Death Before the Fall Now let’s turn to the Flood and examine Scriptural support for a global flood. I recall as a child reading the Lutheran pastor Alfred Rehwinkle’s book The Flood and being enthralled by its imaginative pictures. No doubt many a Reformed believer’s view of the Flood was similarly shaped by this book, but is it true to Scripture? The logic for a global flood is as follows. According to the Creation Science view there was no death of any kind before the Fall. We see evidence of death in the fossil record so that must have happened after the Fall, during a global cataclysmic flood. What is the exegetical support for the contention that there was no death of any kind before the Fall? Two passages are commonly used, Romans 5:12 and Genesis 1:29, 30. An examination of the context surrounding Romans 5:12 demonstrates that Paul is speaking of human death, not animal death, so that leaves us with the Genesis passage. In these verses it states that God gave every green plant as food, not just for humans but animals as well. As to
Institutes 1.17.13, italics mine
whether these verses preclude eating meat, even Calvin in his commentary on the Genesis passage isn’t sure, saying, “I think it will be better for us to assert nothing concerning this matter.”8 To study the effects of the Fall, we first need to look at the account of the Fall in Genesis 3. Nowhere do we read of a massive ecological upheaval at the Fall, when formerly herbivorous animals became carnivores. What we do read is that the relationships in creation were marred by Adam’s sin – the relationship between man and God, between man and woman and between man and the ground. Was the creation now physically defective as part of the curse on the ground (v17)? I don’t think so but it would certainly suffer and be recalcitrant to man’s sinful attempts to exploit it. Does Scripture view carnivory as an effect of the Fall? I don’t believe so, in fact we read in Psalm 104:21 that the lions receive their prey from God. Similarly, in the last chapters of Job when God describes his acts of creation, God’s depiction of the behavior of the ostrich, eagle, Behemoth and Leviathan in chapters 39-41 does not suggest anything sinful about such fierce behavior. Carnivory is not sinful, in fact it’s a marvelously designed system to maintain the stability of ecosystems. Was there animal death before the Fall? Of course, Adam and Eve could hardly have walked in the garden without stepping on a bug at some point. Creation Science projects human qualities onto animals when it talks of suffering and death, but this is more consistent with atheistic animal rights organizations than of Bible-believing Christians.
Global Versus Local Flood
Commentary on Genesis 1:30, available at http://www.ccel.org/ccel/calvin/calcom01.vii.i.html
What does Scripture say on the question of a global flood? Several passages strongly indicate that the Flood was local, not global. In Genesis 2:10ff Moses describes four rivers flowing out of Eden. Two of these rivers (the Tigris and Euphrates) are still in existence, and the other two have been identified by archeologists9. If the Flood was truly catastrophic and formed all the rock layers, as Creation Science claims, then how could these rivers still be identified, on top of six miles of sedimentary rock, rock which supposedly was laid down during the Flood?10 That would require the Flood to have been deeper than Mount Everest is high – an impossibility without invoking ad hoc miracles. Moses continues in these verses to describe the land of Havilah, where gold, bdellium and onyx are found. Moses speaks of this land in the present because he knew that land still existed. Because of his royal upbringing in Pharaoh’s house, Moses undoubtedly knew about this land but one can only speculate on why he would include these details. Regardless, if the Flood was as cataclysmic as Creation Science claims, this detail in Scripture is again impossible to reconcile with the Creation Science scenario. We read further in Genesis 6:4 where Moses mentions the Nephilim that were there in those days, and afterward. We do read about the Nephilim after the Flood in Numbers 13:32 where they are described as the sons of Anak. During the conquest of Canaan they were driven from the hill country and only remained in Philistia (Joshua 11:21, 22). Even Goliath was an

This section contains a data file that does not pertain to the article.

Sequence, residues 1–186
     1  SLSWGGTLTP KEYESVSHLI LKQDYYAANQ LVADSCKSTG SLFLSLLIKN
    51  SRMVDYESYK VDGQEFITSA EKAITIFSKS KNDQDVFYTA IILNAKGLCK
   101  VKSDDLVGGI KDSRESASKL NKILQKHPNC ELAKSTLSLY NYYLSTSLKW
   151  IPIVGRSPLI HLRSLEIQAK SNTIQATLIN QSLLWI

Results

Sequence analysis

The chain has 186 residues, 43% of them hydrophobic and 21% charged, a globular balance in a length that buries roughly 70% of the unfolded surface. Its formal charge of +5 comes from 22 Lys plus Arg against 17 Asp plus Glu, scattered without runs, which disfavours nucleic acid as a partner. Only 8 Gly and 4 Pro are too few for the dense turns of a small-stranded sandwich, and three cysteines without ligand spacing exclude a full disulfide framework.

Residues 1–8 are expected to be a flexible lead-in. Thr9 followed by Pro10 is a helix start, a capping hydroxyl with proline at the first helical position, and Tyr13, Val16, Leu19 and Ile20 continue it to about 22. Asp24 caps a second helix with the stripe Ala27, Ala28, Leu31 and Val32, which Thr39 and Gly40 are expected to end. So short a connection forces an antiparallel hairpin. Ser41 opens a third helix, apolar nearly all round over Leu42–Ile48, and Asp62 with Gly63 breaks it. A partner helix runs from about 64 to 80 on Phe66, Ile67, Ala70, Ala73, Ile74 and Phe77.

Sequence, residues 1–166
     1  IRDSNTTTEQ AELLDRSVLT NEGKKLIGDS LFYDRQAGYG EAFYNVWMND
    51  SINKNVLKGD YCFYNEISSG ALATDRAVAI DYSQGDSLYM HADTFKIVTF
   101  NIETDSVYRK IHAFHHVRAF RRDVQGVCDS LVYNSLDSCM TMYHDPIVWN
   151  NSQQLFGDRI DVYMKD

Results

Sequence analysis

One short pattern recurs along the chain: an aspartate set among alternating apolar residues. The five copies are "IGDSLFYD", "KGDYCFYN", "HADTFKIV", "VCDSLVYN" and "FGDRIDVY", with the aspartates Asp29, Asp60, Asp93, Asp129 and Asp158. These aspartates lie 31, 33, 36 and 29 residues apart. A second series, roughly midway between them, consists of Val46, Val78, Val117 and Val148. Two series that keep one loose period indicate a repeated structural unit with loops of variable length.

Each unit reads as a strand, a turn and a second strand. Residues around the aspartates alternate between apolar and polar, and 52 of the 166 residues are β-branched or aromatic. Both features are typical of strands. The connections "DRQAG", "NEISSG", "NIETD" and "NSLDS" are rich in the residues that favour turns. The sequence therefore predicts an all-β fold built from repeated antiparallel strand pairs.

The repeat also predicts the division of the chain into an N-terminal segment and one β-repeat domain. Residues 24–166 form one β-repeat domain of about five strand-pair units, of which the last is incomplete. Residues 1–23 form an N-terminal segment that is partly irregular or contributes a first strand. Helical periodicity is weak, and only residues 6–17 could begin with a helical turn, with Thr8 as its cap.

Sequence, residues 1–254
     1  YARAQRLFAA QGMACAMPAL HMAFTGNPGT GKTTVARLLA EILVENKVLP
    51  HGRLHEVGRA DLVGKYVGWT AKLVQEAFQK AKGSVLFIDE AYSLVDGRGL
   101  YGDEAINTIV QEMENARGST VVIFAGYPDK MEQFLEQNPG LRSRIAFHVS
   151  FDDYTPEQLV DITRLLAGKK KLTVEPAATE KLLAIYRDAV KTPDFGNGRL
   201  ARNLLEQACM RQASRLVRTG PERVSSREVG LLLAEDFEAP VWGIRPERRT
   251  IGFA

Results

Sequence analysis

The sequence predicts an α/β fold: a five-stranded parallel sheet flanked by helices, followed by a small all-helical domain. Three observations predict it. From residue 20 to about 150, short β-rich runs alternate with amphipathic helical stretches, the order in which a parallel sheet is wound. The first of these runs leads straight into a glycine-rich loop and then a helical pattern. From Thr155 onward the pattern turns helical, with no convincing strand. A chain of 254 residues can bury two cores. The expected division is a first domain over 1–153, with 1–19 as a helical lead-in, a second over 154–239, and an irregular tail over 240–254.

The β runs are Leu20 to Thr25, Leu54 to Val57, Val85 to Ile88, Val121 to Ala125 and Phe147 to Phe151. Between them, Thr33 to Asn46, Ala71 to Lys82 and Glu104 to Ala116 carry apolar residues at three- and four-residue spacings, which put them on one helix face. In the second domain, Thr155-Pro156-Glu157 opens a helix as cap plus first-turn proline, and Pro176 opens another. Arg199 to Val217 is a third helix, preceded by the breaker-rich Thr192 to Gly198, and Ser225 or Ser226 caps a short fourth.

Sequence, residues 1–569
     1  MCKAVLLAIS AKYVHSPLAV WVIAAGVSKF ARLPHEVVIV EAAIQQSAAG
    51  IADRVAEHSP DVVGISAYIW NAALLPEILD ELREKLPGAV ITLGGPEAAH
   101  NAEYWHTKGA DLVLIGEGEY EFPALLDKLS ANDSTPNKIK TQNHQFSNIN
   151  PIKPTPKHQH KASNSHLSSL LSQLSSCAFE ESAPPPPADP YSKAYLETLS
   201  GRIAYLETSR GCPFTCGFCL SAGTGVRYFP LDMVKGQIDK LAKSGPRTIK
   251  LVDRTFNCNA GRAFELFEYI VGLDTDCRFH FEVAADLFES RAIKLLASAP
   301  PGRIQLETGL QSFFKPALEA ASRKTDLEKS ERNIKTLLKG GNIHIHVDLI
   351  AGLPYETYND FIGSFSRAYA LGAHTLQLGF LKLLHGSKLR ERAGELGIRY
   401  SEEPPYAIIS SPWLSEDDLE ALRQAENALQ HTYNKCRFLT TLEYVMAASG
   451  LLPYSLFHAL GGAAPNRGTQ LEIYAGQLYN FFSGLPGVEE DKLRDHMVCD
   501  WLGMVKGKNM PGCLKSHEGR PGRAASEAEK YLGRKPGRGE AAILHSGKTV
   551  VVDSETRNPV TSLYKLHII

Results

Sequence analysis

Hill, CA., (2000) “The Garden of Eden: A Modern Landscape,” Perspectives on Science and Christian Faith 52:3146.
When I pose this question to Creation Science proponents, their response is that the present day Tigris and Euphrates rivers are not the same rivers but were named after the originals. This is clearly an ad hoc response.
Anakite, descended from the Nephilim. If the Flood was global, the Nephilim would not have existed afterward11. Lastly, after the Flood, Abraham, who was born 400 years after Shem, or roughly 300 years after the Flood, migrated westward from Ur, where he had grown up. Abraham eventually ended up in Egypt, roughly a thousand miles away, where there was a complete civilization! It would be difficult to imagine how such a civilization could have arisen so soon after the Flood and so far away from Ur, unless the Flood was local and the Egyptians had never been wiped out. By now the reader will be saying, Yes, but the story of the Flood clearly indicates that all mankind was wiped out by the Flood, save Noah and his family (see also 1 Peter 3:20, 2 Peter 2:5, 3:6). I concede this is the weakest part of my argument and an aspect with which I have struggled and am still not comfortable, but allow me to make a few observations. We read in Genesis 6:7 that the reason for the Flood was because God was grieved over the wickedness of mankind. But the Flood did not (and could not) remove wickedness from the earth. Problems sprang up again right afterward. However, the context of Genesis 6 is that of the previous chapters. The line of Cain is dealt with in Genesis 4, after which Moses describes the covenant people, the line of Seth. It is this covenant line which is punished, nearly wiped